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China's Rural and Agricultural Reforms: Successes and Failures

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  • D Gale Johnson

The agricultural and rural reform process that started in 1979 has seen far more success than failure. Yet we should not neglect the important shortcomings of the reform process, especially since the future of China's food supply is involved. In this paper, I shall address both aspects of the reforms. The rural reforms have been remarkably successful in several very important ways - increasing agricultural production, increasing the quality and variety of foods, and in increasing the real per capita incomes of farm people. The rapid development of the township and village enterprises and other forms of nonfarm enterprises has been beyond even what the wildest expectations might have been. The reforms have failed to reduce the significant income inequalities that have long existed in China - between rural and urban areas and regionally. In fact, both types of inequality are now greater than they were when the communes existed or even before 1949. The regional inequality has grown primarily in response to economic opportunities while the growing urban-rural inequality has been due to deliberate policy decisions. The urban bias in China is very strong and, unfortunately, there is no indication that it is decreasing or is likely to do so in the future.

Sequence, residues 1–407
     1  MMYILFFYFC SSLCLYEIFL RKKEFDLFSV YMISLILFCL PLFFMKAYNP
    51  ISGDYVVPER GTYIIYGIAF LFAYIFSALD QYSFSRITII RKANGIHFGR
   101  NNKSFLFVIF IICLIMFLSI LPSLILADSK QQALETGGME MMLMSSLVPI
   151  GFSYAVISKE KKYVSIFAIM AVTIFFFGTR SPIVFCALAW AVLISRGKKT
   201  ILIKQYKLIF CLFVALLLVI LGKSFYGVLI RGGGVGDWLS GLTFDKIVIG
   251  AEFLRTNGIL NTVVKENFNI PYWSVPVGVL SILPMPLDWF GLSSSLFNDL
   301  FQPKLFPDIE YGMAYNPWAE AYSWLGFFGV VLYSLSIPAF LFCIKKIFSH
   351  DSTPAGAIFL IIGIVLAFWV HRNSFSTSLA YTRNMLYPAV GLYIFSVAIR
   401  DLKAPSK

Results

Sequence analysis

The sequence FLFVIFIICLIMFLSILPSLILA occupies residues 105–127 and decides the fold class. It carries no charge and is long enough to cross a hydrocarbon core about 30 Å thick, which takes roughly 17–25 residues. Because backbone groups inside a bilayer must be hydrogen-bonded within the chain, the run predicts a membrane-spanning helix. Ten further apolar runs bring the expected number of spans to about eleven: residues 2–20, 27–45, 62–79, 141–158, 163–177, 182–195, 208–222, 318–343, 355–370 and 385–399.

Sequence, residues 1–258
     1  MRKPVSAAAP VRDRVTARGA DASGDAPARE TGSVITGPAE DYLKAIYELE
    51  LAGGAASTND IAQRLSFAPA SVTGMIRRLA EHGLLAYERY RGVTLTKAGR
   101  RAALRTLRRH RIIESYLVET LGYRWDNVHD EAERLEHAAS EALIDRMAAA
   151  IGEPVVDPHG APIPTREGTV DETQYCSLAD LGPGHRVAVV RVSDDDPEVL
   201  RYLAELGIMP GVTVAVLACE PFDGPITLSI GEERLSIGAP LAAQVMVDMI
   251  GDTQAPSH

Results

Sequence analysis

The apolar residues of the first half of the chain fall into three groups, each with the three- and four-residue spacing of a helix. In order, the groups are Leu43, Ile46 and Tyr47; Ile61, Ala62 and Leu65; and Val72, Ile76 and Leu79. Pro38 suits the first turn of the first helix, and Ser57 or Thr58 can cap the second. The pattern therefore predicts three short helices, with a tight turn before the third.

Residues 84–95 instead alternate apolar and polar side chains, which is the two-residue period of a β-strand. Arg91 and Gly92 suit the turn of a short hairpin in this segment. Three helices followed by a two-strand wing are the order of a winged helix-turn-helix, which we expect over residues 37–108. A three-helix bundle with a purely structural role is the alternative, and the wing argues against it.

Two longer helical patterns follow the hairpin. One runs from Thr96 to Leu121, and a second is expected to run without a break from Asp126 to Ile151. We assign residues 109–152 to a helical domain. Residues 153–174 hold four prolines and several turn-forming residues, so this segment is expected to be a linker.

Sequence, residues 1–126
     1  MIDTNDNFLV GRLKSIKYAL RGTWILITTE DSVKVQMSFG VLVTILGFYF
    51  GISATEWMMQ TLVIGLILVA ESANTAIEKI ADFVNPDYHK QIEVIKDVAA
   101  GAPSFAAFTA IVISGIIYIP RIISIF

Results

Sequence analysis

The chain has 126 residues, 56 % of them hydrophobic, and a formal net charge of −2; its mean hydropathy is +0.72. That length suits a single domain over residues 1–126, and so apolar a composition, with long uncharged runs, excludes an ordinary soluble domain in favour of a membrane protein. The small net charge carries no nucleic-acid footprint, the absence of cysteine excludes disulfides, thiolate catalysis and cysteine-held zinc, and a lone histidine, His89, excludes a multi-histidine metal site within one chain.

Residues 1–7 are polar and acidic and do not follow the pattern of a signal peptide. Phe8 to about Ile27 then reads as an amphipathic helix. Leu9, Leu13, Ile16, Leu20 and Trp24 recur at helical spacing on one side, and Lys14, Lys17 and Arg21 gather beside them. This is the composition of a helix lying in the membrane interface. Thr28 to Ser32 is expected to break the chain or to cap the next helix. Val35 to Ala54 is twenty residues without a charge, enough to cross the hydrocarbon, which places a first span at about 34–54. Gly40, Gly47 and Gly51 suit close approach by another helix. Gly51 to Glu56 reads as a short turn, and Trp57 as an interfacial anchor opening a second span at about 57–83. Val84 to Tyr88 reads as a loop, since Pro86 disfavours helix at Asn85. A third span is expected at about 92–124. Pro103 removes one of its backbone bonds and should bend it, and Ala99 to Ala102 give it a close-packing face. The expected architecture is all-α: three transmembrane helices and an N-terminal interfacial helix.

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Paper provided by University of Adelaide, Chinese Economies Research Centre in its series Chinese Economies Research Centre (CERC) Working Papers with number 1996-12.

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Date of creation: 1996
Handle: RePEc:adl:cercwp:1996-12
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  1. Lin, Justin Yifu, 1988. "The Household Responsibility System in China's Agricultural Reform: A Theoretical and Empirical Study," Economic Development and Cultural Change, University of Chicago Press, vol. 36(3), pages 199-224, Supplemen.
  2. Feder, Gershon, et al, 1992. "The Determinants of Farm Investment and Residential Construction in Post-Reform China," Economic Development and Cultural Change, University of Chicago Press, vol. 41(1), pages 1-26, October.
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